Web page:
You wanted a dream vacation, but your dream turned out to be a real nightmare! Has this happened to you?
The travel brochure urges you to cash in on the dream vacation package, but the scammer is the only one who gets the dream vacation. The Federal Trade Commission reports that in 2002, more than 3,600 consumers lost a combined total of $3.5 million in vacation scams.
You may have been sent a postcard saying that you have won a free vacation or one of many other lesser prizes. Generally, you have to call a number to claim your prize. When you do, they offer to send information about the vacation package in the mail after you provide your credit card number so they can assess a “small service charge” at the time you accept the vacation. Although you are assured that you will be able to cancel the package before you are charged, they charge your account right away. The review period will already have expired by the time you receive your packet, if you are even sent one. Meanwhile, hundreds of dollars in service fees will hit your account.
As a variation to this scheme, you are offered a vacation for an incredibly low price. To get this vacation, you must purchase a second round-trip airfare, which is much higher than it would have cost you to buy the ticket in advance through the airline or a travel agent; or your “free” vacation may not include transportation, lodging, meals, taxes, deposits, surcharges or other items not specifically mentioned. If you become ill or change plans, you could end up paying for a trip you never take.
Perhaps you were told you would receive a “free” vacation after you pay several hundred dollars to join a travel club. Yet, you might not ever get your vacation because you are told that the dates you pick are unavailable, or the certificate you are issued turns out to be counterfeit or useless. Without notification or a refund, the company offering the free vacation will close or move away.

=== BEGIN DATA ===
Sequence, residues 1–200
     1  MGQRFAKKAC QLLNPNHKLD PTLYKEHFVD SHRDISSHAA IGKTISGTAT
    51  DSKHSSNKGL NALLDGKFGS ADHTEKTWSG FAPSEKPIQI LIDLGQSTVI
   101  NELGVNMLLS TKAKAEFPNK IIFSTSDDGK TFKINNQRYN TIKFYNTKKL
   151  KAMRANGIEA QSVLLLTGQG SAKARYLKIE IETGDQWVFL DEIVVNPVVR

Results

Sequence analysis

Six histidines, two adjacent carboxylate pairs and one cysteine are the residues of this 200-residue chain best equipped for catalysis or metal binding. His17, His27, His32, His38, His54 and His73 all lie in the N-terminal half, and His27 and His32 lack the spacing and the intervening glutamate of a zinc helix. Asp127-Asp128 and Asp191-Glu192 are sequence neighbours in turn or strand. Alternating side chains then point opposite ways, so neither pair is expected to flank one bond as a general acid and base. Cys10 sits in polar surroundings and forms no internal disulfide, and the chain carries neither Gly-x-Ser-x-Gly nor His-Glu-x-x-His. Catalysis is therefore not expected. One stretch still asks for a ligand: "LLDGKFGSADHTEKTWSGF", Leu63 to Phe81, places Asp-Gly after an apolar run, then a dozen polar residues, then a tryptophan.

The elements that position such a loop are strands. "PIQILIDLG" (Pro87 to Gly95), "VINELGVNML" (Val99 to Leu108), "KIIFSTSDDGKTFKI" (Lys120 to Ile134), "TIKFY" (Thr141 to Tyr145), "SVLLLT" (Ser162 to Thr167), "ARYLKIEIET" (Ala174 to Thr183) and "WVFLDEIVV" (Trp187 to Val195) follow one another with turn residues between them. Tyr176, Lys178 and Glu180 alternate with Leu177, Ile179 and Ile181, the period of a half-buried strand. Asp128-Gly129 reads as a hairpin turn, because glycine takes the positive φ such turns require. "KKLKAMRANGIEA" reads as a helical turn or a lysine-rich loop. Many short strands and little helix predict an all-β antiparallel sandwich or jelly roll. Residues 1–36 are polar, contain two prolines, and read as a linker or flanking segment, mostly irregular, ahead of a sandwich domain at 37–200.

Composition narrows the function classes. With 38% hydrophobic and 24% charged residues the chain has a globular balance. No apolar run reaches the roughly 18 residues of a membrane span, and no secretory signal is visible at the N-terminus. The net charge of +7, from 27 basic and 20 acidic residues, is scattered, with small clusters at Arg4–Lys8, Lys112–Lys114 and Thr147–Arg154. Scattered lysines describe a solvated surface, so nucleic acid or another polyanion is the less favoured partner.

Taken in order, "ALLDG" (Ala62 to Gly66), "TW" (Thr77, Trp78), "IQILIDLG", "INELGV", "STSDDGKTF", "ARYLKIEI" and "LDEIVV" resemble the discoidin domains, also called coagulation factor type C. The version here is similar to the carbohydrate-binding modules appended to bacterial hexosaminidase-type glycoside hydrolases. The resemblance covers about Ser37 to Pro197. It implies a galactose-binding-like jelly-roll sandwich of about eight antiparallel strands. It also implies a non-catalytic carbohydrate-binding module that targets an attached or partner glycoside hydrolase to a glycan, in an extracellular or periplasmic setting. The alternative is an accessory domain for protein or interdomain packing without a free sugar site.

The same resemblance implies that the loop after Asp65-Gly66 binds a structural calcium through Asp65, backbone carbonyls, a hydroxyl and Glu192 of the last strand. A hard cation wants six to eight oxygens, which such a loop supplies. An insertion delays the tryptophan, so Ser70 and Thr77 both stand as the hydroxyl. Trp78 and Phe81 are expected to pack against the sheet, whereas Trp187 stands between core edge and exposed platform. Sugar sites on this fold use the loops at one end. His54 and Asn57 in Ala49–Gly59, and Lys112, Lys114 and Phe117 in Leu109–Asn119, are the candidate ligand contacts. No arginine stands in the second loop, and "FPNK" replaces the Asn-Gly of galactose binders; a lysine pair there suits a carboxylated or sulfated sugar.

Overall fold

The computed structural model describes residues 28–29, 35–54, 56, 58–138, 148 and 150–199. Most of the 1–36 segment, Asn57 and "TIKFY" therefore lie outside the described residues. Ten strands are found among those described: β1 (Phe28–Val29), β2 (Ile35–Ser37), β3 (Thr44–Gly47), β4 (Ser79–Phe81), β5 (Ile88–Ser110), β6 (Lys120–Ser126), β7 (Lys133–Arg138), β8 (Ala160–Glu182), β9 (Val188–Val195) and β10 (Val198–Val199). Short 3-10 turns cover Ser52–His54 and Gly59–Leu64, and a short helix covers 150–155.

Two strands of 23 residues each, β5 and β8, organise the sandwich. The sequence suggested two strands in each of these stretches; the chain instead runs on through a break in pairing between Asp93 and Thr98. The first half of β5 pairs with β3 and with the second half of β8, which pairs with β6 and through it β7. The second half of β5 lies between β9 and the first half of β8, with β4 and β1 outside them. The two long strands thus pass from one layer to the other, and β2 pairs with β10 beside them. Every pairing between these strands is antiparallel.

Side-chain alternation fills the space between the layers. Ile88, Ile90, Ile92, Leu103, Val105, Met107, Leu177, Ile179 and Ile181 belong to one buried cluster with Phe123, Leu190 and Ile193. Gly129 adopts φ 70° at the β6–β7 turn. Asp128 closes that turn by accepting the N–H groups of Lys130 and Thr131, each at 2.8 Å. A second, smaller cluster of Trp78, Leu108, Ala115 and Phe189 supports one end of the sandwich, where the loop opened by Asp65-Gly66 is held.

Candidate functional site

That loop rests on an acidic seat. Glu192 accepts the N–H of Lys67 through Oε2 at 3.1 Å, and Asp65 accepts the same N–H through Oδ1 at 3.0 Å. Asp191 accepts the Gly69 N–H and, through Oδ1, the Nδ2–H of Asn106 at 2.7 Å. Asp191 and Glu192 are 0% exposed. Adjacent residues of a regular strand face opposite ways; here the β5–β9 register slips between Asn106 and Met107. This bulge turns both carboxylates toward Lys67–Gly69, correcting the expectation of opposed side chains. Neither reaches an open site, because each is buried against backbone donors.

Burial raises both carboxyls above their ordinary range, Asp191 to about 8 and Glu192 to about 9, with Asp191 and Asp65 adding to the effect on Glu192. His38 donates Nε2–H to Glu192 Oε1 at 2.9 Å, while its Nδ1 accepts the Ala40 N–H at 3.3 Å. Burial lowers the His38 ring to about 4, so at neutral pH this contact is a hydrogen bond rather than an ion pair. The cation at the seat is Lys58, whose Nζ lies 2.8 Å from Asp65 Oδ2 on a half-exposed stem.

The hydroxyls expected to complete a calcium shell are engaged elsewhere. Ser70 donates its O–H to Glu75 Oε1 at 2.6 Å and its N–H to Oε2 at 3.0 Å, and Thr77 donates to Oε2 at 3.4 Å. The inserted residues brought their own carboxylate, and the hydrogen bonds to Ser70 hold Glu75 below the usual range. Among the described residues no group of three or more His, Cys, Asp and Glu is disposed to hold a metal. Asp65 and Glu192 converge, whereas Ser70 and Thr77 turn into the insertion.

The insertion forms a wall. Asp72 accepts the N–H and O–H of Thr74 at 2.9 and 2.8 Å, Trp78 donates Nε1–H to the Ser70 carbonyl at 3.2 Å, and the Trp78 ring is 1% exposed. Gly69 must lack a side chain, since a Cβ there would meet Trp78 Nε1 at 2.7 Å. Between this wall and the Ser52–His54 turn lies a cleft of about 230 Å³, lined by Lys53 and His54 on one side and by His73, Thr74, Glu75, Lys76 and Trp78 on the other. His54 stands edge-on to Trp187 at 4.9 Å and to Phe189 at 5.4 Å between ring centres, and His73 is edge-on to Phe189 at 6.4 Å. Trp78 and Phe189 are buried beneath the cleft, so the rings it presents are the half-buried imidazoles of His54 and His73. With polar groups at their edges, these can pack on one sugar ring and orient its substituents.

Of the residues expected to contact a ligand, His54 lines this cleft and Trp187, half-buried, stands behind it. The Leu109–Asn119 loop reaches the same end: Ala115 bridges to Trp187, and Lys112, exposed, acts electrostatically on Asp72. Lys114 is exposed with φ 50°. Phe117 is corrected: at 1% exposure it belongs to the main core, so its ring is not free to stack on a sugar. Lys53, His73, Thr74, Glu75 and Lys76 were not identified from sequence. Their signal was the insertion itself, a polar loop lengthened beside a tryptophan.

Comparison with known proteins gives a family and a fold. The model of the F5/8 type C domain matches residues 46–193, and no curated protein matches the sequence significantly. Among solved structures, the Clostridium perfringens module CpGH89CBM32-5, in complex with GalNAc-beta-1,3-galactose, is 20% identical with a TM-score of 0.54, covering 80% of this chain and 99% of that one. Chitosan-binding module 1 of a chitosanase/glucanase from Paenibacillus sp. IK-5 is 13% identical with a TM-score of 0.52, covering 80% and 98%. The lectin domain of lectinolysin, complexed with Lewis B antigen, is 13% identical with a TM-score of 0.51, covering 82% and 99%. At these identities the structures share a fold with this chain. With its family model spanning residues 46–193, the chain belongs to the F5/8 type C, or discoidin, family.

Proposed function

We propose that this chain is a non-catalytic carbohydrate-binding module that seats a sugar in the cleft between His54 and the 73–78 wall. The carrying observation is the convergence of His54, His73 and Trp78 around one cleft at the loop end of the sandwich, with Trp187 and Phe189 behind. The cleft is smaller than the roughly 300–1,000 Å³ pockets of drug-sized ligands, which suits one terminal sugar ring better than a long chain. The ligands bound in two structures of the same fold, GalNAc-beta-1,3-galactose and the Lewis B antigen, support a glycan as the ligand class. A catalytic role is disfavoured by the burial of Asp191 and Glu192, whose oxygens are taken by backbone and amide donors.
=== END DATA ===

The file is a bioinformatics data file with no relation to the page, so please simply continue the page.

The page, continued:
How Georgia Law Protects You
The Georgia Fair Business Practices Act has specific provisions relating to the conduct of promotional contests, the disclosure of information to participants, and possible penalties or remedial actions if a violation occurs [O.C.G.A. Sections 10-1-393(b)(16)(A) through (P) and Sections 10-1-393(b)(22)(A) and (B)]. The following special provisions apply to vacation and holiday awards:
- The vacation or holiday must include all transportation, meals and lodging, unless the offer or notice specifically describes any of these items that are not included.
- If a deposit is required to secure a reservation, the offer or notice must disclose that information.
- You must not be required to pay any money other than a reservation deposit (no service, mailing or handling fees) in order to receive a prize, except the cost of traveling to the company’s place of business for a presentation or allowing one to be made in your home.
- The offer may not state that you are a winner, have been selected or approved, are involved in any special prize group, or are entering an event from which a winner will be selected, if in fact the intent is to reach prospective customers or the majority of entrants will receive the same prize or opportunity.
You Can Avoid Vacation Scams
- Do not give your credit card number to any person or business unless you expect to be charged for a product or service.
- Be wary of ads that have few details and promise a lot for little money.
- Be cautious of firms that ask you to pay before confirming reservations. Most reputable travel agents will confirm before payment.
- Deal with an established company. If the name or reputation is not familiar to you, check with relatives, friends or contact your local Better Business Bureau.
- If you are unfamiliar with the firm, request written information on the total cost of the vacation and all items included. Ask about your right to cancel and the availability of cancellation insurance.
- Be wary of vacation offers that are “good today only.”
- Remember, the better a vacation package sounds, the more thoroughly you need to verify the details.
If you feel you have been a victim of one of these scams, please get in touch with the Georgia Department of Law's Consumer Protection Unit.
You may also report your concerns to the Federal Trade Commission for their data collection purposes. Additionally, if you have received a fraudulent vacation offer in the mail, you should contact the Postal Inspection Service online or at this address:
Postal Inspection Service
P.O. Box 16489
Atlanta, Georgia 30321-0489